Gregg Reynolds dev at mobileink.com
Thu Feb 18 16:15:47 EST 2010

```On Thu, Feb 18, 2010 at 1:31 PM, Daniel Fischer <daniel.is.fischer at web.de>wrote:

> Am Donnerstag 18 Februar 2010 19:55:31 schrieb Nick Rudnick:
> > Gregg Reynolds wrote:
>

> > -- you agree with me it's far away from every day's common sense, even
> > for a hobby coder?? I mean, this is not «Head first categories», is it?
> > ;-)) With «every day's common sense» I did not mean «a mathematician's
> > every day's common sense», but that of, e.g., a housewife or a child...
>
> Doesn't work. You need a lot of training in abstraction to learn very
> abstract concepts. Joe Sixpack's common sense isn't prepared for that.
>
>
True enough, but I also tend to think that with a little imagination even
many of the most abstract concepts can be illustrated with intuitive,
concrete examples, and it's a fun (to me) challenge to try come up with
them.  For example, associativity can be nicely illustrated in terms of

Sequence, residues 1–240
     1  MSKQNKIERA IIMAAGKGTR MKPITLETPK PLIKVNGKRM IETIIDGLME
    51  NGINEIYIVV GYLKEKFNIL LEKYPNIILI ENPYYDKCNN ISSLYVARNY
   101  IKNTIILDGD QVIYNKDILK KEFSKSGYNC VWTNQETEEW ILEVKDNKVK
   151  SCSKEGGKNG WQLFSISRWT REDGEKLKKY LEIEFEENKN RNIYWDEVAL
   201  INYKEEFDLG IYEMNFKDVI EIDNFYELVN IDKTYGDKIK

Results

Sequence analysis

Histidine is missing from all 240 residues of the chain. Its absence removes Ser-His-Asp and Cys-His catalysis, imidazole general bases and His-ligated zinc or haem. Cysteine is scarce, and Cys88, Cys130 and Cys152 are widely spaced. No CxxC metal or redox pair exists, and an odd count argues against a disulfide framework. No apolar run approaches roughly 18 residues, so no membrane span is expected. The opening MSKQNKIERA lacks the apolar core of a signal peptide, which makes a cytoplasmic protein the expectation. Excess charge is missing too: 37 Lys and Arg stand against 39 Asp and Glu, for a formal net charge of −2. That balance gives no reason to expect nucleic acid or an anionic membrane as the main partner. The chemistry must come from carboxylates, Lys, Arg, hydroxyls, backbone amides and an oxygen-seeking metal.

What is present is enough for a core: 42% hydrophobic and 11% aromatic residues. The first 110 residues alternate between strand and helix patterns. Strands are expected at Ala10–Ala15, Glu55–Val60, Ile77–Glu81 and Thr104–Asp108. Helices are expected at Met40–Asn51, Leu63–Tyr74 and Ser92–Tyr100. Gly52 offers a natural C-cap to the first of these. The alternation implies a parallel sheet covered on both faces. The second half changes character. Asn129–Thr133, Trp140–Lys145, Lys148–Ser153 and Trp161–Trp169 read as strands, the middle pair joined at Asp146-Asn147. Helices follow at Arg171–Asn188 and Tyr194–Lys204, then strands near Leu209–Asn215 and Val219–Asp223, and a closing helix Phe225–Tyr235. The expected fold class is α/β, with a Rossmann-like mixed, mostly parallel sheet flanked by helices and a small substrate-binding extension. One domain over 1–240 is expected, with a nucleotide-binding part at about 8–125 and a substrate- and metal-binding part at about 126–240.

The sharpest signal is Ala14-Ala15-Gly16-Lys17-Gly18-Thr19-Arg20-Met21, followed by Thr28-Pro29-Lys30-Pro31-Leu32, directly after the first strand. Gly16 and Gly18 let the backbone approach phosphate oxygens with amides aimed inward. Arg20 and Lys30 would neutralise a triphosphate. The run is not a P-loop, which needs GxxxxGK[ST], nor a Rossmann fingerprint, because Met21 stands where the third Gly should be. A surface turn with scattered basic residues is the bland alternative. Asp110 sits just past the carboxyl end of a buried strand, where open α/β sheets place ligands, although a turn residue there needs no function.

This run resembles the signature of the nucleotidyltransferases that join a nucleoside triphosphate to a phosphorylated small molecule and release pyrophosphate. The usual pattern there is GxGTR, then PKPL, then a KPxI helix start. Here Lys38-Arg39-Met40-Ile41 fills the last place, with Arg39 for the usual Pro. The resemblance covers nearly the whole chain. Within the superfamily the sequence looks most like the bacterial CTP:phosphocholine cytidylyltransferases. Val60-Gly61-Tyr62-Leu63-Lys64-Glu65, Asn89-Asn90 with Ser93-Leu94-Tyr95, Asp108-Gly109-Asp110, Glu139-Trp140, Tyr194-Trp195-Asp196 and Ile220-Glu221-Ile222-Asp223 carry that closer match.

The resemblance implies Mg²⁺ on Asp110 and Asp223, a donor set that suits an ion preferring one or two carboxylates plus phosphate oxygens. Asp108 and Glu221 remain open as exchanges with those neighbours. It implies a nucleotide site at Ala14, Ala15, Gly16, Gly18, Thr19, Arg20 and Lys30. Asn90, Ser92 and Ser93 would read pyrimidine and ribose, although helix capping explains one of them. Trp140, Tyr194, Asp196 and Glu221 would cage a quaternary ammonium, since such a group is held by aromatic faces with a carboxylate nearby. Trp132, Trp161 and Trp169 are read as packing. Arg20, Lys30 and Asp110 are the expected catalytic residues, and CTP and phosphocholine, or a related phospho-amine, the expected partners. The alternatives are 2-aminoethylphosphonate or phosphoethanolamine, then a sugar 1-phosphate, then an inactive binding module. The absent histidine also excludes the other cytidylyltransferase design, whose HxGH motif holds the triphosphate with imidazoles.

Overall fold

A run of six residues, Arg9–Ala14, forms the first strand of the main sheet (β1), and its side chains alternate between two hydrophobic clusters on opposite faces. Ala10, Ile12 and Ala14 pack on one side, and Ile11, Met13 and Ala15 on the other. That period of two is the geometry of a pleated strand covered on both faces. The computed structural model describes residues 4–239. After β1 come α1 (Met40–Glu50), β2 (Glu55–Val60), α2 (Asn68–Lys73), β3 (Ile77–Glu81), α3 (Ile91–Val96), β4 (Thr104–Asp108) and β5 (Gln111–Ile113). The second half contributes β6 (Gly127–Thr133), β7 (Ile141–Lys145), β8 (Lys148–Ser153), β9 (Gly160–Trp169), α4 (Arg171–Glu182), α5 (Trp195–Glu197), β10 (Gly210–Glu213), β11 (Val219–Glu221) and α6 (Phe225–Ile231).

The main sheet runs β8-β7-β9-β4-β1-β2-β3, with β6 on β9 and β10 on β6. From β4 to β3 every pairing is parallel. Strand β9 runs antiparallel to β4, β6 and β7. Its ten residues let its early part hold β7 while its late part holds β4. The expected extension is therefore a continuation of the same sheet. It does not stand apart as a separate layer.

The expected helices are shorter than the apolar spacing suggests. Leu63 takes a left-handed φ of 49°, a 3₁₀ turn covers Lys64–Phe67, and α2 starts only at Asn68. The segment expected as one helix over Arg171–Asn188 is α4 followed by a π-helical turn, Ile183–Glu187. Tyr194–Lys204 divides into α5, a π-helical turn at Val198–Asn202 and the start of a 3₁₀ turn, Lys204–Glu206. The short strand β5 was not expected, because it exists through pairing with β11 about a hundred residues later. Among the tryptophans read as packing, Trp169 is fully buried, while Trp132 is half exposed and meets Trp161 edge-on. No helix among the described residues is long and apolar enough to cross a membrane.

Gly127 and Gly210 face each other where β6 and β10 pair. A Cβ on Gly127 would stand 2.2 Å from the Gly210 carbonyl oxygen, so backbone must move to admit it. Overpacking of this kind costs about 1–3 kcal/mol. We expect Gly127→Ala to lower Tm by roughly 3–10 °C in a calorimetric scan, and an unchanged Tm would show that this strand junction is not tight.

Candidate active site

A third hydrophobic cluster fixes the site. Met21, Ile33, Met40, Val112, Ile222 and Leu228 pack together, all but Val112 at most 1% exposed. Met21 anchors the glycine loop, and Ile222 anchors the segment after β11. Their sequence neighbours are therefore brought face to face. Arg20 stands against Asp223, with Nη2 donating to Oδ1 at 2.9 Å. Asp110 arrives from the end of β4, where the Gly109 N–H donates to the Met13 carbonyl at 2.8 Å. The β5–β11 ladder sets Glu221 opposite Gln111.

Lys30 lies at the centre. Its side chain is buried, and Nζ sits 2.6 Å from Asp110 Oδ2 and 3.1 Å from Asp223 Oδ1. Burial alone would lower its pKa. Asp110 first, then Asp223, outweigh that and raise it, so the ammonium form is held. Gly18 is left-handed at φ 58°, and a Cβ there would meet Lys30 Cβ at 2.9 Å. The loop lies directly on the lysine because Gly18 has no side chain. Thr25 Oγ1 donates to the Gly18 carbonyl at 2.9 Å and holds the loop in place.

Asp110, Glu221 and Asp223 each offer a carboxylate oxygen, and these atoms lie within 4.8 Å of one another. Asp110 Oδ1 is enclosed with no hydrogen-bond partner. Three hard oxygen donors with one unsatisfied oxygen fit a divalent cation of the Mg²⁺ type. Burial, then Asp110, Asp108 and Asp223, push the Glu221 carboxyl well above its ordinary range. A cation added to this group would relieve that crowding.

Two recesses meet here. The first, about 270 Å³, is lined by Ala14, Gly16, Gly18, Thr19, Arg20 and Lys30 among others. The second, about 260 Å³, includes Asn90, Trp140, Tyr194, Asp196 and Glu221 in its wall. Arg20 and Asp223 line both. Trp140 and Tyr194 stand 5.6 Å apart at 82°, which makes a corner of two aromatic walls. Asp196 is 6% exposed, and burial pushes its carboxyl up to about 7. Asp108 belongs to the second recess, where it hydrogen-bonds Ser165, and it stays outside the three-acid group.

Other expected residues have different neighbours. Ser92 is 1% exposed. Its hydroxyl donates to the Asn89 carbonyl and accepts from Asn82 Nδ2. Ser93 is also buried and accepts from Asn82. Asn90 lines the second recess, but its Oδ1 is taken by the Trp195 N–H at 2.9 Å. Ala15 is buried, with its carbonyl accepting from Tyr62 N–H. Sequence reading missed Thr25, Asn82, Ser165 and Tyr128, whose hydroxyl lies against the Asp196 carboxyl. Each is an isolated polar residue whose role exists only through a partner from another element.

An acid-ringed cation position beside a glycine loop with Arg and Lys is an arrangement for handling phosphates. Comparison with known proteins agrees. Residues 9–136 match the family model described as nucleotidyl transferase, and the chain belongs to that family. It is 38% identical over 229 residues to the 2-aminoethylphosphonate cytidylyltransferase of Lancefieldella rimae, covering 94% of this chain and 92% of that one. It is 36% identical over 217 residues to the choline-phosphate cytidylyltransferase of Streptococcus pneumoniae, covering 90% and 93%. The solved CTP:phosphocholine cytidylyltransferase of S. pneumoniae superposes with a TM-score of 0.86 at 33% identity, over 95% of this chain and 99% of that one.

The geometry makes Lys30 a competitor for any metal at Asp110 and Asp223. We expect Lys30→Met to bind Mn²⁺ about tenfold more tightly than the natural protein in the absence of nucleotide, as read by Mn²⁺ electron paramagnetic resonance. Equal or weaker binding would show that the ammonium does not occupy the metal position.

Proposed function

donning socks and shoes - it's not hard to imagine putting socks into shoes
before putting feet into socks.  A little weird, but easily understandable.
My guess is that with a little effort one could find good concrete examples
of at least category, functor, and natural transformation.  Hmm, how is a
cake-mixer like a cement-mixer?  They're structurally and functionally
isomorphic.  Objects in the category Mixer?

> > > Both have a border, just in different places.
> >
> > Which elements form the border of an open set??
>
> The boundary of an open set is the boundary of its complement.
> The boundary may be empty (happens if and only if the set is simultaneously
> open and closed, "clopen", as some say).
>
> Right, that was what I meant; the point being that "boundary" (or border,
or periphery or whatever) is not sufficient to capture the idea of closed v.
open.

-g
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